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Delayed Results: 17 Insurance Firms Get N62m NSE, NAICOM Fine

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Delayed Results: 17 Insurance Firms Get N62m NSE, NAICOM Fine

The Nigerian Stock Exchange (NSE) has fined 17 insurance firms for the delay in the submission of their 2017 full year results, THISDAY learnt Wednesday.

The affected firms also risk stiffer sanction from the National Insurance Commission (NAICOM) with few days to the commission’s June 30th deadline for the submission of their results. This is in line with the Insurance Act 2003.

According to a reliable industry source, the affected firms are to pay the NSE N62.3 million for late submission of their 2017 annual reports and accounts.

Some of the insurance companies that were affected, THISDAY learnt included Mutual Benefits Assurance Plc, Great Nigeria Insurance, Niger Insurance, African Alliance Insurance Plc, and Sovereign Trust.

The Deputy Commissioner for Insurance (Technical), NAICOM, Mr. Sunday Thomas, in response to enquiries from THISDAY, disclosed that as of June 20th, 41 insurance firms out of 58 firms had submitted their 2017 financial results to the commission.

He said out of this, the commission had approved the report of 32 firms while 10 were at various stages of approval.

Thomas said there was no going back by the commission in the enforcement of penalty for late submission, stressing that there would not be an extension of the deadline for submission of their results.

According to Thomas, for now, 17 firms were yet to submit their results.

Going by the laws of the sector, if the firms fail to submit their results on or before June 30th, they would be liable to a daily fine of N5,000 until the day they submit their reports.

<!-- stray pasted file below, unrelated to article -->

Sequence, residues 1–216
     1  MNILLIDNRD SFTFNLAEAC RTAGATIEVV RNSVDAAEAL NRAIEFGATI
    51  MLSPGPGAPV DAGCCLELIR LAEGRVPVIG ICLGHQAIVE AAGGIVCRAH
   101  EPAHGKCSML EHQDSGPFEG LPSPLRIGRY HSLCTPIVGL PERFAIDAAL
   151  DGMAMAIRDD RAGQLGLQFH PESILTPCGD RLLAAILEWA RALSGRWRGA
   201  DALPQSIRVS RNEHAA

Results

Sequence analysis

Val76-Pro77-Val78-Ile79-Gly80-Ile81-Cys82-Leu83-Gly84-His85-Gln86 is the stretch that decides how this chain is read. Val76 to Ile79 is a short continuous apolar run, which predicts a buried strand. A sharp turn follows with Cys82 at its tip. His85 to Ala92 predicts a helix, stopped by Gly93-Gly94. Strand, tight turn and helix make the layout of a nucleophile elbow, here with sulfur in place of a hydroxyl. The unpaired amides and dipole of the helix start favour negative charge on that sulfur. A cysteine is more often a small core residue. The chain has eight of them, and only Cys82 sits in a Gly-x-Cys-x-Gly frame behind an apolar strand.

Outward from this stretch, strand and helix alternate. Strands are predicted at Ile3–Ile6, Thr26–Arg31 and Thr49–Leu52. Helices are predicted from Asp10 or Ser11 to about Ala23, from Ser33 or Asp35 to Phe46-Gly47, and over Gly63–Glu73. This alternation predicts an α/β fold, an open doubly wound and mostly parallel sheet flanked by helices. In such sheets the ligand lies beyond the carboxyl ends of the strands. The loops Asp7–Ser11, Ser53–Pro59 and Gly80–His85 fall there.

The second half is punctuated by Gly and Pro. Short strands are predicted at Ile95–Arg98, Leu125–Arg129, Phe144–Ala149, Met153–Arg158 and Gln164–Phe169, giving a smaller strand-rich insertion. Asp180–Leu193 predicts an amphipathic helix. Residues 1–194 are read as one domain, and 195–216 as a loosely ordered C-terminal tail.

But NAICOM is of the view that the fine should be reviewed upward and has been pushing for the amendment of the Insurance Act in that regard.

For some years now, insurance firms have been falling victim of the regulators’ punitive fines, a situation which had caused uproar among their shareholders.

In fact, some shareholders had alleged that their returns on investments were being diverted to payment of fines to regulators instead of paying dividends to their investors.

So far, Universal Insurance Company has paid the highest fine of N51.4 million to SEC for late returns in 2016.

THISDAY learnt that some insurance firms had not submitted even their 2015 annual accounts and have been paying to NAICOM N5,000 punitive fines every day.

Since the adoption of the International Financial Reporting Standards (IFRS) by the industry, insurance firms unlike banks have been battling to get it right each year, a situation which has been delaying their submission of their reports and holding of their annual general meetings.

This is despite the fact that the regulator has on several occasions organised training programmes for auditors and account officers of operating firms while some firms have spent much on training their employees abroad for the purpose of getting it right.

According to NAICOM in a statement titled, “Status of 2017 financial statements of insurance companies as at April 19, 2018,” the companies whose accounts have been approved are Continental Reinsurance Plc, Custodian Life Assurance, Custodian and Allied Insurance, FBN General Insurance Limited, FBNLife Insurance, AXA Mansard Plc and Regency Alliance Insurance.

Others are Law Union & Rock Insurance Plc, Wapic Insurance Plc, NEM Insurance, LASACO Assurance Plc, Prestige Assurance, Consolidated Hallmark Plc, Ensure Insurance Plc, AIICO Insurance, Guinea Insurance, Wapic Life Insurance Plc and Leadway Assurance.

Among the 14 firms whose reports were withheld by the commission, one is at the stage of its response to query still under review, while two other firms’ results were under supervisory review.

Also, three companies’ results were queried while the reports of four firms were placed under review. Another four set of firms have their reports placed under supervisory review by the commission.

The commission recently said the decision to impose sanctions on defaulting companies became necessary because their action deprived the regulators, policy holders, insurance intermediaries, analysts and other stakeholders of the relevant information about their performance and financial results.

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